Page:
Smoking Marijuana (also known as Cannabis) can be just as detrimental. Cannabis smoke acts as a carcinogen and is associated with tooth decay, periodontal disease and pre-malignant lesions. Users are also prone to oral infections, possibly due to the drug’s immunosuppressive effects. 
      Just in case you are wondering if smokeless tobacco is a better option, the simple answer is no. Like cigars and cigarettes, smokeless tobacco products (for example, snuff and chewing tobacco) contain at least 28 chemicals that have been shown to increase the risk of oral cancer and cancer of the throat and esophagus. In fact, chewing tobacco contains higher levels of nicotine than cigarettes, making it harder to quit. One can of snuff delivers more nicotine than over 60 cigarettes. 

Smokeless tobacco can irritate your gum tissue, causing it to recede or pull away from your teeth. Once the gum tissue recedes, your teeth roots become exposed, creating an increased risk of tooth decay. Exposed roots are also more sensitive to hot and cold or other irritants, making eating and drinking uncomfortable.

     Regardless of how long you have used tobacco products, quitting now can greatly reduce serious risks to your health. Studies show that eleven years after quitting, former smokers’ likelihood of having periodontal (gum) disease was not significantly different from people who never smoked. If you need help kicking the habit, don’t be afraid to ask your doctor or dentist for tips and resources. 

Food for Thought

We’ve noticed this come up several times in the news recently, and while this week’s blog is not directly related to dentistry, we felt it was important information concerning our food supply.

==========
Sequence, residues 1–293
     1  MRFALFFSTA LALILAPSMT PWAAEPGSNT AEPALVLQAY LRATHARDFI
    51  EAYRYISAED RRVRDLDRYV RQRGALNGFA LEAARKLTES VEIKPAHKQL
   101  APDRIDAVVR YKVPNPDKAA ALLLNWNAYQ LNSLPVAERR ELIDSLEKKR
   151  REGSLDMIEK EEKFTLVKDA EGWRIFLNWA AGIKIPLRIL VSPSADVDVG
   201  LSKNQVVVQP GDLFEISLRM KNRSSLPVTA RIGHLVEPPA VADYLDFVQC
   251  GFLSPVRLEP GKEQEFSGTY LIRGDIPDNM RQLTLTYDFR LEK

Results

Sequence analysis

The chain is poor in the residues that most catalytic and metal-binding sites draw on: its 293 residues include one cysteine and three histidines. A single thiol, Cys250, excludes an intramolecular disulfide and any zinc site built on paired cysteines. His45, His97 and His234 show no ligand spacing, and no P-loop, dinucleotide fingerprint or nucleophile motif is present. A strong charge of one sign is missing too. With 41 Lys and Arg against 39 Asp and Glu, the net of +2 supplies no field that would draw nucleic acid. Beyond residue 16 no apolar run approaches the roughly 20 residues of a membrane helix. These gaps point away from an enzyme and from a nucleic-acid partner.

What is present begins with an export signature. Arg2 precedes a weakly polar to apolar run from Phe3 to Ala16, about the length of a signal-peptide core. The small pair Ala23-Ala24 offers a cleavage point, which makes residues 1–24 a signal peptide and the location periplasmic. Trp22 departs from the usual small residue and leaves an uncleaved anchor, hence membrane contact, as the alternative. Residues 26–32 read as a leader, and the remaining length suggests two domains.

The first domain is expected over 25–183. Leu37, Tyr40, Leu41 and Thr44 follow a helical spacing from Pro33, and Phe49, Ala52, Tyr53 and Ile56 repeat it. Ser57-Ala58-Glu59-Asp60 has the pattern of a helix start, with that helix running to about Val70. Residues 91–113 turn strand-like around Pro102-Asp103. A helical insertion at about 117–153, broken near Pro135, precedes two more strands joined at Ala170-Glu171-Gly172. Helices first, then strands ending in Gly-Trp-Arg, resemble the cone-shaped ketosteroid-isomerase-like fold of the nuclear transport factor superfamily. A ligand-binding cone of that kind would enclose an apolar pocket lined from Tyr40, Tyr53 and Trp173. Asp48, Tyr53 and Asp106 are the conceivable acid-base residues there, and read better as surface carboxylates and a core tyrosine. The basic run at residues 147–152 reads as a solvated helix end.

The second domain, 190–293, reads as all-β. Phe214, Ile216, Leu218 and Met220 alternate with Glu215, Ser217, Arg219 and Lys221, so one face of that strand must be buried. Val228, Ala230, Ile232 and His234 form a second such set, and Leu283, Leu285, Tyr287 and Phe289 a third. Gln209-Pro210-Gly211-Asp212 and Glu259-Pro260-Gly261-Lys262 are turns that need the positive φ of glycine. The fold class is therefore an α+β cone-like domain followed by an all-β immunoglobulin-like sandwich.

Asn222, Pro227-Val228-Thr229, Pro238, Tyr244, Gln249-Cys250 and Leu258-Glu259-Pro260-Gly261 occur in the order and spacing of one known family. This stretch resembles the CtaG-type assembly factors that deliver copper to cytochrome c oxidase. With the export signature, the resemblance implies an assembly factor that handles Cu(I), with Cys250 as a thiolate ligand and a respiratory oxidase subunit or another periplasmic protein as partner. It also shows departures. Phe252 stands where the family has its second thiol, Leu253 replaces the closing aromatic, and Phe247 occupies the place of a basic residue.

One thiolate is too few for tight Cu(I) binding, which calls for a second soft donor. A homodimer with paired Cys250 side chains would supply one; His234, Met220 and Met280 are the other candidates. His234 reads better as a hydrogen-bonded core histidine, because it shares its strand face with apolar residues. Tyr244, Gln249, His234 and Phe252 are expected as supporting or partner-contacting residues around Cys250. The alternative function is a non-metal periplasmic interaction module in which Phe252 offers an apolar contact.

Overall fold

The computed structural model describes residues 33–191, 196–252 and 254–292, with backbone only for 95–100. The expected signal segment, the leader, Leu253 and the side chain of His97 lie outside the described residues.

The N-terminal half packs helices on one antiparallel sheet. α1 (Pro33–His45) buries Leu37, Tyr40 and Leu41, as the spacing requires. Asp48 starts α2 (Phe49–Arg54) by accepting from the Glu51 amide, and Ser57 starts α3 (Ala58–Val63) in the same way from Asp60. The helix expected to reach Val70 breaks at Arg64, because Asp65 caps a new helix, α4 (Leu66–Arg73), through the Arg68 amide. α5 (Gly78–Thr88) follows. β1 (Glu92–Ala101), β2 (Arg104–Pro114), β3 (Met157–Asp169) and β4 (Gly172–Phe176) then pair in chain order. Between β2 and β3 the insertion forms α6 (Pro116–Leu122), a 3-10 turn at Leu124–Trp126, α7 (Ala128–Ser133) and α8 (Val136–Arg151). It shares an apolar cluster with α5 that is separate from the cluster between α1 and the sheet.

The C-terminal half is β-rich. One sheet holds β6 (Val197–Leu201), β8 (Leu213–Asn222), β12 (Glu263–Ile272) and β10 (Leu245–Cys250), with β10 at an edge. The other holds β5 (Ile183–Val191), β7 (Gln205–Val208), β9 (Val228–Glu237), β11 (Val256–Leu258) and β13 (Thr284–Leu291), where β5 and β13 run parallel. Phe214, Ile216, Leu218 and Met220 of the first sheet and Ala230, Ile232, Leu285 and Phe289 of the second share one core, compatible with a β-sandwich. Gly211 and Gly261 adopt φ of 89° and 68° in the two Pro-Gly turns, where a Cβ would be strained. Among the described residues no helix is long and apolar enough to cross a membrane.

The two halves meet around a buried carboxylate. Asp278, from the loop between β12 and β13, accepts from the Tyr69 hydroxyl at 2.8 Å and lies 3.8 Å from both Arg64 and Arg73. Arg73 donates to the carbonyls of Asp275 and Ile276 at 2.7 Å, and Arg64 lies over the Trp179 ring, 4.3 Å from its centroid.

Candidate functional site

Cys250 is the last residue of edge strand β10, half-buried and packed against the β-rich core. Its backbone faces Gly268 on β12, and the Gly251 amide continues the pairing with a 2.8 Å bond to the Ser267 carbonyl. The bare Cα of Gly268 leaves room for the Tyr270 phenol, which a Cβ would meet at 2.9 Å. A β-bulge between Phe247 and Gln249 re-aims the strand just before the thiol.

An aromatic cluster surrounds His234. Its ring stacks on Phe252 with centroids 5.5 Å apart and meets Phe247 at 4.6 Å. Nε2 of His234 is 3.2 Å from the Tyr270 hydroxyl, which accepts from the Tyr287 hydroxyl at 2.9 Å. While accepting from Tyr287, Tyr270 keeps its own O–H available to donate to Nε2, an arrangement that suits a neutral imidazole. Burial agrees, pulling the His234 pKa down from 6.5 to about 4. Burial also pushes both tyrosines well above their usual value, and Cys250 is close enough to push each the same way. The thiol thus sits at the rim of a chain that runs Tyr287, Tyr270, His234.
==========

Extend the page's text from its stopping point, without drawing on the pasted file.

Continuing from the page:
According to a group of 150 scientists, that includes a former head of the Food and Drug Administration (FDA), the overuse of antibiotics in animal agriculture is putting human health at risk and driving up medical costs. This group, along with a group of 50 farmers and ranchers who have opted out of antibiotic use, released statements back in Sept. 2012 calling on the FDA and Congress to work together to regulate the use of antibiotics in livestock. Both groups concluded that the overuse of antibiotics is contributing to a health crisis. Louise Slaughter, a New York Representative  joined in calling for regulation of animal agriculture’s use of non-therapeutic antibiotics. She said, “Every year, more than 100,000 Americans die from bacterial infections acquired in hospitals, and seventy percent of these infections are resistant to drugs commonly used to treat them. This abuse and overuse must stop.”

 

Donald Kennedy, former FDA commissioner  said: “There’s no question that routinely administering non-therapeutic doses of antibiotics to food animals contributes to antibiotic resistance.”  He stated that the FDA’s current  approach asking the drug industry to voluntarily stop selling antibiotics as growth promoters in animal feed, was not enough. Kennedy, who also served as editor-in-chief of Science magazine for eight years, said: “Unless it reaches the industry as a regulatory requirement it will not be taken seriously.” Three decades after the FDA determined that growth-promoting uses of antibiotics in agriculture were potentially harmful to human health, its own data shows that 80% of all antimicrobial drugs sold nationally are used in animal agriculture.